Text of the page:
Places We Know

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Pre-meadow, still from Mastering Bambi, 2010 12:30 Min, Hd © Courtesy of the Artists and Galerie Akinci
© Courtesy of the Artist and Galerie Akinci
Places We Know

Lijnbaansgracht 317
1017 WZ Amsterdam
October 8th, 2010 - November 29th, 2010
Opening: October 8th, 2010 5:00 PM - 7:00 PM

Museum Area
+31 (0) 20 638 0480
Tue-Sat 1-6
collage, photographs, video


Persijn Broersen & Margit Lukács - 'Places We Know'
October 8 - November 29
Opening October 8,  5 pm - 7 pm

The work of Persijn Broersen (b. 1974 in Delft) and Margit Lukács (b. 1973 in Amsterdam) is characterized by a quest for the sources of contemporary visual culture. With intricate layers of depersonalization, re-mediation and re-interpretation they demonstrate how reality, (mass)media and fiction are strongly intertwined in contemporary society.

In their first show at AKINCI, Places We Know, Persijn Broersen en Margit Lukács present new work, in which they unravel the layered surface of America. Meandering through intricate layers of cut-out photos of the American Wilderness, they deconstruct and recreate the hinterland based on Walt Disney’s classic film Bambi and the painter Albert Bierstadt’s (b. 1830 in Solingen) vision of the West. In this way, Broersen and Lukács create metaphors for places that are deeply rooted in the collective imagination.

The video Mastering Bambi is based on Walt Disney’s 1942 classic. In Bambi, Disney created one of the first virtual worlds. It was a world in which Disney strove to create a deceptive realism, a harmonious world in which man is the only enemy. This romantic wilderness, stripped of its inhabitants, has been reconstructed by Broersen and Lukács in Mastering Bambi.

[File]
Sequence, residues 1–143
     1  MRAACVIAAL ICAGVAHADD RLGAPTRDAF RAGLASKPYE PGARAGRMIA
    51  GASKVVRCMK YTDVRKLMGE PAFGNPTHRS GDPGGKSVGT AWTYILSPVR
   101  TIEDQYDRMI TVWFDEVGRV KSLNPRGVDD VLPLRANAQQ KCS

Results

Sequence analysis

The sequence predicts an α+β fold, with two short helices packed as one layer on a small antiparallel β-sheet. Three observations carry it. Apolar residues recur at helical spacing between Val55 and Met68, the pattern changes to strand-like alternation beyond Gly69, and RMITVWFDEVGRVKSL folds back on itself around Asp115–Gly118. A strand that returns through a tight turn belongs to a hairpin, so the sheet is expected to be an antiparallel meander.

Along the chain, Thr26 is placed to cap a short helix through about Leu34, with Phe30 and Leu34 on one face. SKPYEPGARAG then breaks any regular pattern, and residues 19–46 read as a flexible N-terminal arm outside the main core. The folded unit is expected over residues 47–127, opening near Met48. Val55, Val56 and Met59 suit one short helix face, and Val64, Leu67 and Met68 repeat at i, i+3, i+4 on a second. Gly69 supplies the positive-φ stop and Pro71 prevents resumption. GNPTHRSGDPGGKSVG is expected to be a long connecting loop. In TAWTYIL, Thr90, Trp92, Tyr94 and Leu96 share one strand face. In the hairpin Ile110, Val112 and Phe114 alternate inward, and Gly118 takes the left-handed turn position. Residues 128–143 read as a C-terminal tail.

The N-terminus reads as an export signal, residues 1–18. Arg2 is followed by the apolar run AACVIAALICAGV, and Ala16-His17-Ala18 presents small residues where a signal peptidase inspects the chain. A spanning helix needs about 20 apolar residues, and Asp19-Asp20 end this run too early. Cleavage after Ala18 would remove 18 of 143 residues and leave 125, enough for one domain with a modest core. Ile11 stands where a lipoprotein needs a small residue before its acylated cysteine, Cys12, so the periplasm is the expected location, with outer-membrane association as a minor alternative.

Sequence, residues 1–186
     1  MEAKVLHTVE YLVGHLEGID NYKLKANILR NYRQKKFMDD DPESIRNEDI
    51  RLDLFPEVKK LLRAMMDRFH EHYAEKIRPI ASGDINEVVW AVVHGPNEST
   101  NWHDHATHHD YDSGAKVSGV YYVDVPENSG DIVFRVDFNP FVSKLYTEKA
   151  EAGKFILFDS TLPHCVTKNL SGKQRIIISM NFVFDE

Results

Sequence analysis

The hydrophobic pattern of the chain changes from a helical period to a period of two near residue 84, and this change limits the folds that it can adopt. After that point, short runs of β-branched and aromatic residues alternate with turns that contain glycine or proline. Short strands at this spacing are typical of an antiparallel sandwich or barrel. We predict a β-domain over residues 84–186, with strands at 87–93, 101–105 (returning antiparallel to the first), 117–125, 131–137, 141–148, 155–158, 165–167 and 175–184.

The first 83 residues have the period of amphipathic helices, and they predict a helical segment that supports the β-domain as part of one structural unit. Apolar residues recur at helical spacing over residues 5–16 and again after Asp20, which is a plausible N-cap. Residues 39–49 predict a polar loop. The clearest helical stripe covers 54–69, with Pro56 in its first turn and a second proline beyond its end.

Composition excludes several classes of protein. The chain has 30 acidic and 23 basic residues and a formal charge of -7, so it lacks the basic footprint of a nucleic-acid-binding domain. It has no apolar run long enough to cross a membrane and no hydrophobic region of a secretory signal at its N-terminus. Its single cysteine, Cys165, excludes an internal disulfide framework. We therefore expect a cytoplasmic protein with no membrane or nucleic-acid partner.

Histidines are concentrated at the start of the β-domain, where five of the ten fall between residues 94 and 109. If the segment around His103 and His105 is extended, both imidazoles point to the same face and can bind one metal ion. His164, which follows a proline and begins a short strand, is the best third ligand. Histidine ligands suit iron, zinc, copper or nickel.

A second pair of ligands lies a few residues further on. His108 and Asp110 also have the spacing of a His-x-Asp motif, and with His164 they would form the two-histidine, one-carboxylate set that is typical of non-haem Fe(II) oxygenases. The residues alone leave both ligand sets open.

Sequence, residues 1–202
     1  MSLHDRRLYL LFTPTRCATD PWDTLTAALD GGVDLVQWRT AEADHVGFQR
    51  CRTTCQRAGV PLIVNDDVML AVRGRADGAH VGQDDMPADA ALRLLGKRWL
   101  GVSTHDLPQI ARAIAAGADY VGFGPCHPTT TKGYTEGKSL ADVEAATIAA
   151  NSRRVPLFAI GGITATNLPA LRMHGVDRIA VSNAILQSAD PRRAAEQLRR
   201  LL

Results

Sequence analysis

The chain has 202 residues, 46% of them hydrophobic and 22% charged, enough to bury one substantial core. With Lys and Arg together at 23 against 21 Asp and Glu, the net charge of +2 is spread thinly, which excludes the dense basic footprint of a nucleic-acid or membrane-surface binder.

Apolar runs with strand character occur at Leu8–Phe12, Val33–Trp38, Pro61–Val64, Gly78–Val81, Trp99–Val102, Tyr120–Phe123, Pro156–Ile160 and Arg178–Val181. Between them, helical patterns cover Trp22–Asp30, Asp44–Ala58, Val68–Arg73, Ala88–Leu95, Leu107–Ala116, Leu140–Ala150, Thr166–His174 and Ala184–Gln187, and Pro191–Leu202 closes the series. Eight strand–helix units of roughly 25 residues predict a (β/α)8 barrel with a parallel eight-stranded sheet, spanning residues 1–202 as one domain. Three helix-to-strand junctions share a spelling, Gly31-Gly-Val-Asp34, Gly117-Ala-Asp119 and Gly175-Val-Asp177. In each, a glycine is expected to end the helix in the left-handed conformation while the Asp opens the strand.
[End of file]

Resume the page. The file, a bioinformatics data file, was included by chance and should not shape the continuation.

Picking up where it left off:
In The Present Absent – (After Bierstadt’s ‘Storm in the Rocky Mountains’, Mt Rosalie, 1866), Broersen and Lukács apply a similar principle of deconstruction and creation. Bierstadt was one of the Hudson River Group, a group of American landscape painters who were influenced by Romanticism. He is mainly known for his expansive landscapes from the American West. Bierstadt’s paintings make use of reality, but in fact they depict a concept of the ideal landscape.

In The Present Absent Broersen and Lukács show the shadows of the world that lies hidden below the surface, the imaginary world that Bierstadt painted but is a long way from the place on which it is based.

Persijn Broersen and Margit Lukács work as an artistic duo from their base in Amsterdam. They studied at the Sandberg Institute, Amsterdam and at the Rijksacademie(2008), Amsterdam. They have recently exhibited their work at the WorldExpo, Shanghai (2010), the Mukha in Antwerp (2009) and in the Stedelijk Museum, Amsterdam (2008).


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